Neither it nor any rival in this price range has an automatic document feeder for multipage jobs, but the X5150 is a capable convenience copier. Five crisp copies of a laser-printed black page appeared in 2 minutes and 45 seconds, while five somewhat banded or striped but fine-for-personal-use copies of a color wall-calendar page took 7 minutes and 45 seconds.
You can get even finer control than the buttons and LCD menu offer, and finer results, by using Lexmark’s driver and “all-in-one center” utility software. The former has all the helpful output options that HP’s bare-bones PSC 1210 driver mysteriously lacks, such as last-page-first (collated) and banner, booklet, poster, or N-up (handout) printing.
The latter offers an almost goof-proof guide through scanning and copying options ranging from reduction or enlargement to scanning resolutions and color depth. Lexmark also provides a capable, entry-level image editor with not only the usual crop, rotate, brightness, contrast, and red-eye touch-up options but brush, line, eyedropper, text, and flood-fill tools and as many as 99 levels of undo and redo, while ABBYY FineReader 5.0 Sprint software does a remarkably accurate job of optical character recognition even on page layouts with mixed graphics and headline, body, and sidebar text.
Sharp or Quick — Take Your Pick
The X5150 offers good print speed and quality, but generally trailed the PSC 1210 in our tests. The driver offers four print modes — quick (300 by 600 dpi), normal (600 by 600), better (1,200 by 1,200), and best (4,800 by 1,200). Quick mode printed our five-page Microsoft Word document in just 44 seconds, but was so faint and shaky as to be doubtful even for in-house draft use.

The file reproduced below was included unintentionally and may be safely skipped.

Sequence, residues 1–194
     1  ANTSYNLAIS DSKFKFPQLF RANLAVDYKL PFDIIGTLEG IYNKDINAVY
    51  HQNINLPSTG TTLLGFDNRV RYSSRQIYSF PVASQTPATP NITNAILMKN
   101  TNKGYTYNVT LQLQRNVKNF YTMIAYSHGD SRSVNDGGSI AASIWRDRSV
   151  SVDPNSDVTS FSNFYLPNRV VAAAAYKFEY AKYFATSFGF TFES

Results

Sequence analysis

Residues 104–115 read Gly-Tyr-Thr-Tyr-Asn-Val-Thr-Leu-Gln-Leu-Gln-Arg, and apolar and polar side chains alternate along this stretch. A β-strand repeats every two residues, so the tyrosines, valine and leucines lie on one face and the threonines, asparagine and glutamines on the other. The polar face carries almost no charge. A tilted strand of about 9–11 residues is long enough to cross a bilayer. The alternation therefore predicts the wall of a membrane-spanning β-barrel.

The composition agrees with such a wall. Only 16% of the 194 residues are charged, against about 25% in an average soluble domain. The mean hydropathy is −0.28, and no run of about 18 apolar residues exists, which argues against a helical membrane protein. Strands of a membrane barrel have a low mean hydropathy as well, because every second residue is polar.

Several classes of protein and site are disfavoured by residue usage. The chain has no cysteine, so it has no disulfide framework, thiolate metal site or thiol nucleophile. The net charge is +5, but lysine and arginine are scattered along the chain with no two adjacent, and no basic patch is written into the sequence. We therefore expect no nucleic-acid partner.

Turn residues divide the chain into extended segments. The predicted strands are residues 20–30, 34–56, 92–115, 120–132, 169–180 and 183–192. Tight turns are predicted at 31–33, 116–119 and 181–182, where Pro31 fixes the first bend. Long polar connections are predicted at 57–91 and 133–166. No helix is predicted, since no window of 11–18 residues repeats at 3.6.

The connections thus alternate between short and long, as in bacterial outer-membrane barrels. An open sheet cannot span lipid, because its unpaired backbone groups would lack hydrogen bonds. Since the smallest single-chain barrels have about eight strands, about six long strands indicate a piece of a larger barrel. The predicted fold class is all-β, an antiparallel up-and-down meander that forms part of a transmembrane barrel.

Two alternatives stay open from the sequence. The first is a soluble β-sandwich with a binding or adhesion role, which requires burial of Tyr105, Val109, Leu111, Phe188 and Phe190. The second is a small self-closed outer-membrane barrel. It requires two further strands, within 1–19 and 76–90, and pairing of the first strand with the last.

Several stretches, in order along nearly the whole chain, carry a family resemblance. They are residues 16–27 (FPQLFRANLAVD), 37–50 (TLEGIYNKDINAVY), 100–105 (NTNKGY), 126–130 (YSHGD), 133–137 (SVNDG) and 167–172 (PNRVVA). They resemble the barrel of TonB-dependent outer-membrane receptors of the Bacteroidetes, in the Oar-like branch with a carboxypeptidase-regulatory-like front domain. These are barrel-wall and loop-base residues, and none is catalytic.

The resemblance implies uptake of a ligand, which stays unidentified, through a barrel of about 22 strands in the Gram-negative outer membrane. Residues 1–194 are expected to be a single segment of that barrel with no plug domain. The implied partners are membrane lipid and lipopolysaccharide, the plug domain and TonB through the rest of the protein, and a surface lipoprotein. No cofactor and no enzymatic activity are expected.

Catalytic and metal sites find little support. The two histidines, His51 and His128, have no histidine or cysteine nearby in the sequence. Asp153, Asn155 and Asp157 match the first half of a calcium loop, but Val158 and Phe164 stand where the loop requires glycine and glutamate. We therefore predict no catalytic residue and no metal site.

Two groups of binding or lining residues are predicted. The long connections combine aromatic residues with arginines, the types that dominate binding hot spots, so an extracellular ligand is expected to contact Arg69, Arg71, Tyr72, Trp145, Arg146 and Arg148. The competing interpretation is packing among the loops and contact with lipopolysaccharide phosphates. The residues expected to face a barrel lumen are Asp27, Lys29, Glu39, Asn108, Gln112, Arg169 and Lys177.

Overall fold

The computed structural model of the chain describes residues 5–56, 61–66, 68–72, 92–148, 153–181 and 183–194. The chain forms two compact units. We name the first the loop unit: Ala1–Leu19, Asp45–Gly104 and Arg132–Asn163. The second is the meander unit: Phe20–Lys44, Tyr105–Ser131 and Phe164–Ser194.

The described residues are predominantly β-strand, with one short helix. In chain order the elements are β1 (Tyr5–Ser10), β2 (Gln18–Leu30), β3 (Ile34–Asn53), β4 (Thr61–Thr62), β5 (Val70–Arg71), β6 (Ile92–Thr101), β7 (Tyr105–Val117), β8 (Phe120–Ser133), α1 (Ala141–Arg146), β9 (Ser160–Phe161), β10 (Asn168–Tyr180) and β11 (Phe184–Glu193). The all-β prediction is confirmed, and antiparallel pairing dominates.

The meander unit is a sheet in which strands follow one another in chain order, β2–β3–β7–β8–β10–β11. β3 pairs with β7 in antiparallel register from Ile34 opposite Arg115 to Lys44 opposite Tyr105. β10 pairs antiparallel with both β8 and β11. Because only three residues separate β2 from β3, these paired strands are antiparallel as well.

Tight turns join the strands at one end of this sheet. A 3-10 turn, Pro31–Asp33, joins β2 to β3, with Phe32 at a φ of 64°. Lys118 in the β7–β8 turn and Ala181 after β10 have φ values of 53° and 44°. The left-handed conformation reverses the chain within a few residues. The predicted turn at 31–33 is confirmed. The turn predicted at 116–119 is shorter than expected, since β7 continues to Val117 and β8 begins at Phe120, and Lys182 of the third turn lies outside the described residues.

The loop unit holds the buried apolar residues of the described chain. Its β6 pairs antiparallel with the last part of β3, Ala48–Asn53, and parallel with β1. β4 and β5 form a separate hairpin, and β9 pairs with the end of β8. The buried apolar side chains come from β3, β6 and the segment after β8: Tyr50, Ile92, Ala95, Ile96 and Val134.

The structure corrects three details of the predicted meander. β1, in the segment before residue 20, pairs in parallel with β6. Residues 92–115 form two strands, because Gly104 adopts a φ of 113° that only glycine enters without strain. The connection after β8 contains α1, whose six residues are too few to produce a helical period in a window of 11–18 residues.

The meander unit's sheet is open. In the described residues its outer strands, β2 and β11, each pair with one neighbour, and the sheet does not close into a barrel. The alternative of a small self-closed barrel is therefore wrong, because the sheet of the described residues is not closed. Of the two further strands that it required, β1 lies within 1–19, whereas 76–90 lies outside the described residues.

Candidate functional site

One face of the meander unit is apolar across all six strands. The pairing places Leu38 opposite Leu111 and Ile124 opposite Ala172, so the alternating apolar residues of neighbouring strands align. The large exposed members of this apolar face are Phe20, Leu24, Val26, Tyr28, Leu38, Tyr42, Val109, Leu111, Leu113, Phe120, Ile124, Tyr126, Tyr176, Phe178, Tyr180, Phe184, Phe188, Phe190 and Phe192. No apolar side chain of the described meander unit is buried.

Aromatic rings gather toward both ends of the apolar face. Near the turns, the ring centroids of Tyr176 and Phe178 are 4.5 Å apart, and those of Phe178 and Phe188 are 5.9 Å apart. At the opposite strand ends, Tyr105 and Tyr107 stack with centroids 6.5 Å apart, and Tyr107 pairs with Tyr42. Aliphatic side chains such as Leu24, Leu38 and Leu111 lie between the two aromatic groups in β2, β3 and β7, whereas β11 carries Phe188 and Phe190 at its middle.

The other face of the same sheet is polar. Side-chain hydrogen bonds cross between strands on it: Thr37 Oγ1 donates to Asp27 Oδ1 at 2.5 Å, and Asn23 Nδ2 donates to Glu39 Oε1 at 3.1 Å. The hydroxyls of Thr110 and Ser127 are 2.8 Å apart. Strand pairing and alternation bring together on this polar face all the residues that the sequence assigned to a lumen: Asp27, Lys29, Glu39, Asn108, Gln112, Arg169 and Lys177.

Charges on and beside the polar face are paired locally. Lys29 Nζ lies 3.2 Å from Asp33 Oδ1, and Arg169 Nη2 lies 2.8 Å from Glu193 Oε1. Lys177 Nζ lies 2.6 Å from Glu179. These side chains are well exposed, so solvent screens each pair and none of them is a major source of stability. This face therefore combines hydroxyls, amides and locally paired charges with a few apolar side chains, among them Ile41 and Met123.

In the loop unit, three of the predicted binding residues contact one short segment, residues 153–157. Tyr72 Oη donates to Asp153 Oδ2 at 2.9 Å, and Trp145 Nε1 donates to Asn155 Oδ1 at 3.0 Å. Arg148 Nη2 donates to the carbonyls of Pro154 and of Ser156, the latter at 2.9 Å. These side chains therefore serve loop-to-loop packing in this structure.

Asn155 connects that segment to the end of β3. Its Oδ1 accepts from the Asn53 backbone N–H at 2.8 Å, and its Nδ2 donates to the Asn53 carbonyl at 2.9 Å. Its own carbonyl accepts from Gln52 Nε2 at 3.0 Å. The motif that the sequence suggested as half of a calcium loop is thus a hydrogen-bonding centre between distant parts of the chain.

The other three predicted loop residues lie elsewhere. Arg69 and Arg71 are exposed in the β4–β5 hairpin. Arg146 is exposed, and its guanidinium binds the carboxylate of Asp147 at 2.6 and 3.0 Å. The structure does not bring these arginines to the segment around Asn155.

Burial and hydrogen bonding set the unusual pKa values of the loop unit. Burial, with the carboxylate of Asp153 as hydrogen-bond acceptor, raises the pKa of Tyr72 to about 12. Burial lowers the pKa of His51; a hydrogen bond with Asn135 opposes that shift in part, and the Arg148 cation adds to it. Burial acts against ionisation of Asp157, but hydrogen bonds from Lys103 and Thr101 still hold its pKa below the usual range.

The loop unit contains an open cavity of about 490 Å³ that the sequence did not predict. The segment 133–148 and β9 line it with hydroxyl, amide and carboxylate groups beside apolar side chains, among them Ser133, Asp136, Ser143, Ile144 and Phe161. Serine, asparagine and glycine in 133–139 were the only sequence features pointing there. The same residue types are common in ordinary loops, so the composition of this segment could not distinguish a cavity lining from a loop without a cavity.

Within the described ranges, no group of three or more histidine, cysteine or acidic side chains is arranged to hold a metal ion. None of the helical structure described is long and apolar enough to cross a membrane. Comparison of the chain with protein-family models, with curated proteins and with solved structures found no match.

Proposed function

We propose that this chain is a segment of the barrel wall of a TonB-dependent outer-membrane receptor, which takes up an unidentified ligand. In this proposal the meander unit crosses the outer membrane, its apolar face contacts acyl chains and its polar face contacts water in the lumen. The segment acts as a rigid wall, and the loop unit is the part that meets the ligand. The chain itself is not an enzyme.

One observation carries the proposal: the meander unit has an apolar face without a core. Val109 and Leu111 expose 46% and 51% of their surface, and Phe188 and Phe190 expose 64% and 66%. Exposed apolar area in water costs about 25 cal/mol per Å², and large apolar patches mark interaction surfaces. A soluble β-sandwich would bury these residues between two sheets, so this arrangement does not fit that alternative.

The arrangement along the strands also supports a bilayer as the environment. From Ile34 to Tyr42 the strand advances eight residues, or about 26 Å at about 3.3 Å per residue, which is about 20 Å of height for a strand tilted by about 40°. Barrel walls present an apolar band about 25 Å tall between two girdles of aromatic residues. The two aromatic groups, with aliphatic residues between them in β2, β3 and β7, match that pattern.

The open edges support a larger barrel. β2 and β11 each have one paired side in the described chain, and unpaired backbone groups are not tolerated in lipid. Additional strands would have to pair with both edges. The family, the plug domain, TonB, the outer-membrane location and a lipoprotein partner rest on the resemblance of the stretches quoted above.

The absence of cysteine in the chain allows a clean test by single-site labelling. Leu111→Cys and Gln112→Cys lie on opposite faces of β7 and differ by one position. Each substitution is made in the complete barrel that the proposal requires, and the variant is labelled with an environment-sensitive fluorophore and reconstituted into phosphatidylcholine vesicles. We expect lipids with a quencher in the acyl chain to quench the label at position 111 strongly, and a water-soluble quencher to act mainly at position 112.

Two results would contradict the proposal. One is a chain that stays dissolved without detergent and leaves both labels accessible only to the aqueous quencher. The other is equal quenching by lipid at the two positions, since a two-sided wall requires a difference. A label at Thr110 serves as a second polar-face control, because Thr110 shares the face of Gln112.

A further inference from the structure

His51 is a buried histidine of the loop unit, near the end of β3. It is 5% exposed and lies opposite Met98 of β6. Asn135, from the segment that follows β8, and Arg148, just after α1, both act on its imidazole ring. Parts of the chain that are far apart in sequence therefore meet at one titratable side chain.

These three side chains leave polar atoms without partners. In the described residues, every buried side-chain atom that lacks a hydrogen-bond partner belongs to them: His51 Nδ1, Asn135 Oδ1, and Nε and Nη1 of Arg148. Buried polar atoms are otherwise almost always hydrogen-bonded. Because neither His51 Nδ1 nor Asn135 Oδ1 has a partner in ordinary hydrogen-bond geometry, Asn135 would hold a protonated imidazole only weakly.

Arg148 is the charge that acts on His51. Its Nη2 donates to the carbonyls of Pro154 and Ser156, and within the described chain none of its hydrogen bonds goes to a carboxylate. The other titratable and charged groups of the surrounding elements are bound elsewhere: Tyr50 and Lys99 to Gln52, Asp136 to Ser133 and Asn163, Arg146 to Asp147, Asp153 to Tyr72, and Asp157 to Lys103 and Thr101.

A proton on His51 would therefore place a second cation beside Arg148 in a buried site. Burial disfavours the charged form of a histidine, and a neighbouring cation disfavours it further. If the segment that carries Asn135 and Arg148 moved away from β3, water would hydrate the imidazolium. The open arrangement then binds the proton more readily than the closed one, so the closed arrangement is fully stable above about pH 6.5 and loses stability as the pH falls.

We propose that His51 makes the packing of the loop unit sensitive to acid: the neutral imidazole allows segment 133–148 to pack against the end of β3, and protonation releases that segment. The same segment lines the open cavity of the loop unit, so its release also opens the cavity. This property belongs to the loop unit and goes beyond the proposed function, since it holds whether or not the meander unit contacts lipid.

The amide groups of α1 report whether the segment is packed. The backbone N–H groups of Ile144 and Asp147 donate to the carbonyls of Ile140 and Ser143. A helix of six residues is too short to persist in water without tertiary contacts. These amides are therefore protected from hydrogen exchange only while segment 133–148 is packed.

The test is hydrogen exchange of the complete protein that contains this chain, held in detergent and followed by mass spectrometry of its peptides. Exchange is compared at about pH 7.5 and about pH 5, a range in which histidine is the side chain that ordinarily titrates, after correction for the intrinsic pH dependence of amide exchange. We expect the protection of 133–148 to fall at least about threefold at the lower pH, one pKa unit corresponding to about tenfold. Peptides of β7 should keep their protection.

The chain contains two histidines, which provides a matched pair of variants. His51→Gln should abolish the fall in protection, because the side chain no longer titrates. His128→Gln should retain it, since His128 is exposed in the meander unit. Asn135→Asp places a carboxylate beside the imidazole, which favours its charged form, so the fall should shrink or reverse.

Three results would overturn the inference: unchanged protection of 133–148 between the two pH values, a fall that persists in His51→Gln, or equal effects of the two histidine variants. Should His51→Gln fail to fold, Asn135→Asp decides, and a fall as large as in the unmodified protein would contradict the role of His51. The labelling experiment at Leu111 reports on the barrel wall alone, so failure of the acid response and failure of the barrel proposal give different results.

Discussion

Normal mode took just over a minute, with results on plain copier paper that we’d consider fine for drafts. To get crisp, dark text on plain paper, we had to opt for better mode (2 minutes and 29 seconds for our five-pager, 73 seconds for our one-page business letter with color company logo; best mode made the last look great even on cheap paper, but took over three and a half minutes).
Using plain paper, pages with lots of color graphics felt a bit soggy and showed noticeable banding in normal mode — which took 4 minutes and 40 seconds for our six-page Adobe Acrobat document — with some banding even in better mode (10 minutes and 15 seconds). Results weren’t much better when we tried affordable inkjet paper (the kind that comes in 500-sheet reams); the X5150 boasts an automatic media sensor, but it didn’t seem to kick in until we upgraded to thicker, coated inkjet paper (the kind that comes in 100-sheet boxes).
On the good paper, our five-page Word document looked office-worthy if not quite laser-sharp in normal mode (2 minutes and 16 seconds); the tiny improvement of best mode wasn’t worth the extra time (8 minutes and 25 seconds). The combination of quality paper and best mode finally cured the banding and produced a gorgeous six-page Acrobat file, but took a whopping 32 minutes.
Photo images were poor on plain paper; using the coated stock, our 8 by 10-inch, 2-megapixel digital camera shot showed some banding in normal mode on coated stock (2 minutes and 51 seconds) but looked fine, if a trifle dark — the same words we’d use to describe the Lexmark’s prints of scanned drugstore photos — in better mode (6 minutes and 40 seconds). Best mode on glossy photo paper produced a handsome 8 by 10 in a leisurely 12 and a half minutes.
If you print mostly in better mode on quality paper, you’ll be well satisfied with the X5150’s output, and you’ll enjoy its convenience and flexibility; it’s a clear step up from the cheap X75 PrinTrio of six months ago. Still, even in this bargain segment, you might want to shop around — while Lexmark earns points as the market pioneer, we think rivals have matched or bettered its hardware, if not its software.
Adapted from HardwareCentral.com.